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Typologies of radio stations in Afghanistan

Until recently, radio was the only broadcast media available to most Afghans but with the growth of television the number of radio stations has been driven upwards since almost all television channels have an associated radio network. Four categories can be identified for the radio stations in the country. This includes international outlets (e.g. BBC, VOA, Azadi, Sada-e-Azadi) which has the common characteristic of not accepting commercial advertising, instead relying fully on the taxpayers’ money from the respective countries. Interestingly these stations seem to be fostering Afghan culture more than the Afghan stations as they preferably broadcast Afghan music, interviews with Afghan artists and reports on Afghan customs and traditions. Self-sustainable national and regional radio stations (e.g. Arman, Killid, Sharq, Sol-e-Paygham) offer in-depth programs focusing on positive developments and government activities, providing a mix of classical, jazz, reggae and western pop music. Community stations (e.g. Sol-e-Paigham, Sabawoon, Rabia Balkhi) generally employ fewer than 25 staff members that are mostly local journalism students, relying on advertising revenue to cover the monthly operation cost of roughly $3000-$5000. Small-scale stations which exist at the most local of levels, transmitting in FM over a district center or a valley with a typical broadcast range of less than 20km. Many of these are military created, going on air for limited amount of hours and employ approximately five people.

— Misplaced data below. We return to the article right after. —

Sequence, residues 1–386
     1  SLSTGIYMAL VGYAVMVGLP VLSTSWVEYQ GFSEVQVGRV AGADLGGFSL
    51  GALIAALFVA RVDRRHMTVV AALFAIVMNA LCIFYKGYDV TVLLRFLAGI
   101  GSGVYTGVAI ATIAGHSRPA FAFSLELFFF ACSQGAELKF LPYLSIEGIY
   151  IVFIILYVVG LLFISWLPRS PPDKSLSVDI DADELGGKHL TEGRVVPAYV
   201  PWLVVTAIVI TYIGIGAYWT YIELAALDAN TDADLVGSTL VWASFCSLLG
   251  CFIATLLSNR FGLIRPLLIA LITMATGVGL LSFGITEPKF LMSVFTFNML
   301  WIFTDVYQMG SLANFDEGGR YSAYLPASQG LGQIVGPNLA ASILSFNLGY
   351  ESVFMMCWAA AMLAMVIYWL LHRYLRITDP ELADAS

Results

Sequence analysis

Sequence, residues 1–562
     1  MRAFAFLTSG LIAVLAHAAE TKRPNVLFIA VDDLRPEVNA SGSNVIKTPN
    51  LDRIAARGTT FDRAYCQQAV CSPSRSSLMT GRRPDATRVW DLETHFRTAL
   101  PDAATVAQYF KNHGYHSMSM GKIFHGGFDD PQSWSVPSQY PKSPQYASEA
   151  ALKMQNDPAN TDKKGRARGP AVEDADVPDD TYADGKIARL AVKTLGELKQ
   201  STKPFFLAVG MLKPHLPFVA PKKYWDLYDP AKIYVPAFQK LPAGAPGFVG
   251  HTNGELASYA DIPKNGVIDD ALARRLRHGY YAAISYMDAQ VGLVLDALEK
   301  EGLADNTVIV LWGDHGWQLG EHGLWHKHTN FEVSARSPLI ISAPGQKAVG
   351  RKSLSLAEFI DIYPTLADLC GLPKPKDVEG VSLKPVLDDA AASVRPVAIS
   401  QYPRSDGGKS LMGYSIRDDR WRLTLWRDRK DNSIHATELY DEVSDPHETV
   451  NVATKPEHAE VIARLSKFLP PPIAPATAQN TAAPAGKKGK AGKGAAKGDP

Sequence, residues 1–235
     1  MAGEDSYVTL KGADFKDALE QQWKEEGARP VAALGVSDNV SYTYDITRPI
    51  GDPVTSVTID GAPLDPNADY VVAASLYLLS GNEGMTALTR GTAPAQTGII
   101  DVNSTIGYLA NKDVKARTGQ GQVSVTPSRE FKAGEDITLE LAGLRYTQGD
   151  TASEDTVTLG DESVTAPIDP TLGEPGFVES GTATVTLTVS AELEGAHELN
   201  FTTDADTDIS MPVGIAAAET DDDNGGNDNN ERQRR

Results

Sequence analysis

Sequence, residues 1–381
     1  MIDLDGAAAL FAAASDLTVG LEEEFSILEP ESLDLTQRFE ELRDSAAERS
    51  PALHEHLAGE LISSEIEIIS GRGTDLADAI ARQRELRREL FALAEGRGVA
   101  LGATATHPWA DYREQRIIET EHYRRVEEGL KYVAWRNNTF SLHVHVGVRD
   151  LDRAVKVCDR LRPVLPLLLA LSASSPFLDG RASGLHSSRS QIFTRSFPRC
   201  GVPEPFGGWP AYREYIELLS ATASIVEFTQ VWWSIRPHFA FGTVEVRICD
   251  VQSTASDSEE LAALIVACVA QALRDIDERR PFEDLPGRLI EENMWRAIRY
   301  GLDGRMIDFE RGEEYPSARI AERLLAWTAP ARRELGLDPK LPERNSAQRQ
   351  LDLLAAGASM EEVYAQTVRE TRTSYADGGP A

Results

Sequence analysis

Printed Press